This is the third and last part of a 3-part story about CitizenPlane. If you missed them, I suggest you come back to part 1 and 2:
Part 1: Air distribution inefficiencies
Part 2: The airlines dilemma
Part 3: Solving the dilemma
- Because of the huge cost of distributing plane tickets and barriers to entry, many plane seats are simply not on the market.
- Airlines always have a choice to optimise either their load factor (planes’ fill rate) or revenue per seat, but they can’t do both.
- Airlines optimising for their margin have empty seats but they can’t slash prices as it would destroy too much revenue.
Having proven the model of selling distressed inventory from tour operators and charter brokers, CitizenPlane now sets off to tackle the airlines’ challenge.
Starting this summer, CitizenPlane will start acting as a marketing carrier and sell flights under its own name. This means that a customer will buy a CitizenPlane flight, operated by another airline — like in this example:
Selling under our own name brings many benefits (it’s clearer for the customer, it avoids cannibalisation with the operator, etc.). Yet the most striking is that any airline will be able to sell the same seat simultaneously at their price, under their yield management program, and at a discounted price, under the CitizenPlane brand.
We call this the “sandwich technique”. Let’s take our Paris to New-York example again. You are an airline, your price is super optimised and your economy seat retails for €500. All is well because you get traffic from your loyal customers, at a price that maximises fill rate and revenue for your target.
Yet, right next to you, some low-cost companies are retailing at €250. You could slash your prices in half and compete, but you will destroy a lot of revenue doing so. Indeed, do you prefer to have 80% of your cabin filled at €500 per seat or would you rather do a 100% fill rate at €250 per seat? If you do the math, you will prefer the former.
And so, some airlines are flying with 20% of seats structurally empty. CitizenPlane allows airline to make use of these structural empty seats. Without touching the optimal revenue program, it is possible to load a few seats in CitizenPlane and fight with the low-cost airlines under CitizenPlane’s name. Therefore, an economy seat is sold at the same time at €500 and €250, under two different names.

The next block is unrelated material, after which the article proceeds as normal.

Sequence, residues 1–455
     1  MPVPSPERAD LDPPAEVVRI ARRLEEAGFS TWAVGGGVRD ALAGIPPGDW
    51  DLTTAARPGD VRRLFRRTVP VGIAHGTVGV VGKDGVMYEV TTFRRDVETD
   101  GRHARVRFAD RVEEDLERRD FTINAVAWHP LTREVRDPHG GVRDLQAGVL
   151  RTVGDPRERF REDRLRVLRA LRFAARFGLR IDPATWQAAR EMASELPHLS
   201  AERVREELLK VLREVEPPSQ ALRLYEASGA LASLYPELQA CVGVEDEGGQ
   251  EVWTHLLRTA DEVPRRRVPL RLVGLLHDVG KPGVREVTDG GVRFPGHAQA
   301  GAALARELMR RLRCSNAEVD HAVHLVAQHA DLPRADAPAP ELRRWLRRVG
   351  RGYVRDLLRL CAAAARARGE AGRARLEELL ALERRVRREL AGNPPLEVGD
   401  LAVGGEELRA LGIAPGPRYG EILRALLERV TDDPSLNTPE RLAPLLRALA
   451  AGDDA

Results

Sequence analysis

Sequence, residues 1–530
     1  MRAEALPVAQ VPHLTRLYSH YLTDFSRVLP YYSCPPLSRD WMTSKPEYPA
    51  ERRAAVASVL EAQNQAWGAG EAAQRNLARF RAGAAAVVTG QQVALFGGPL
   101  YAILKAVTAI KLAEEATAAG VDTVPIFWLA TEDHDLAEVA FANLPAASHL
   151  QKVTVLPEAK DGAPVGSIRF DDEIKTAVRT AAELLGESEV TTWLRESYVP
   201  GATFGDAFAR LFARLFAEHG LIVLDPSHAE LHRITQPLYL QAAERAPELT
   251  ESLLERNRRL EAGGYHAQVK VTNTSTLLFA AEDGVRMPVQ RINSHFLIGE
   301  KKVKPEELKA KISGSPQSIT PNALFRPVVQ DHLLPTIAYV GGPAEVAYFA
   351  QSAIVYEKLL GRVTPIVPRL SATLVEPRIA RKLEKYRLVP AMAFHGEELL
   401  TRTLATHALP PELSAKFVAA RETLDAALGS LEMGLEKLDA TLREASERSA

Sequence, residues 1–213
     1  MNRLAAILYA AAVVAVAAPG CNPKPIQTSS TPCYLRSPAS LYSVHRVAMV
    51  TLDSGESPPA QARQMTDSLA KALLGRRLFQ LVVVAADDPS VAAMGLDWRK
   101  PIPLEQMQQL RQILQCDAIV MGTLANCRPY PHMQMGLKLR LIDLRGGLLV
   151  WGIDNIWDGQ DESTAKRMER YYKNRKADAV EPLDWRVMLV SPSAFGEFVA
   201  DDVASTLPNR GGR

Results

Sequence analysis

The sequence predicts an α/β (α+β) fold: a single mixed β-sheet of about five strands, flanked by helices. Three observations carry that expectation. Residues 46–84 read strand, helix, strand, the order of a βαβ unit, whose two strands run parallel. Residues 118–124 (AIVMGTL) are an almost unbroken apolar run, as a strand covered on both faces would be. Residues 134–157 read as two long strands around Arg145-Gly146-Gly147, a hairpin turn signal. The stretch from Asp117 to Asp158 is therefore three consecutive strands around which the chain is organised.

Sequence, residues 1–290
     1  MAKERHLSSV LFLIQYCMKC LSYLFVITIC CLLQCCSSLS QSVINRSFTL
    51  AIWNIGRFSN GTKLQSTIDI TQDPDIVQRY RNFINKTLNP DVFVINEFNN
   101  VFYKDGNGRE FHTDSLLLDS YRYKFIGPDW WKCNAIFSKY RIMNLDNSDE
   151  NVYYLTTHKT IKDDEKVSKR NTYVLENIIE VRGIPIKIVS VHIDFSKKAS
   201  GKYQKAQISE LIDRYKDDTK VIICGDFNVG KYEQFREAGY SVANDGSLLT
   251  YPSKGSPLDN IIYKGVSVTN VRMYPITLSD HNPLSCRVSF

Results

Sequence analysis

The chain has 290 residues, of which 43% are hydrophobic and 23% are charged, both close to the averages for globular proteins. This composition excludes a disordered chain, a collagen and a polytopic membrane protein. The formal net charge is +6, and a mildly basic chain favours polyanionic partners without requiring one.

While preserving brand, reputation and pricing, this opens up many possibilities:
- Make use of the unsold inventories, even if they are very last-minute. It is not uncommon that a tour-operator and/or a private charterer gives back many seats. When they do, this is often complicated to reintegrate this stock into the main inventory. CitizenPlane allows to sell these seats independently and easily.
- Compete on both a loyal customer base (sensitive to brand) and opportunistic customers (sensitive to price) by selling the same seat at two different prices simultaneously. All of this without touching the current marketing logic — CitizenPlane doesn’t touch any existing brand since seats are sold under a different name.
- Create demand on a route: it is possible to drive customer to a specific route if there is a big enough opportunity. This is what happens with Secret Flying for instance. CitizenPlane can be a great way to create an opportunity and driving traffic on an underperforming route, with very limited stock, still without touching brand considerations, etc.
In a few words, CitizenPlane not only re-sells empty seats but also re-market these, to create additional revenue opportunities. Are you interested in joining the adventure? Contact us: email@example.com.
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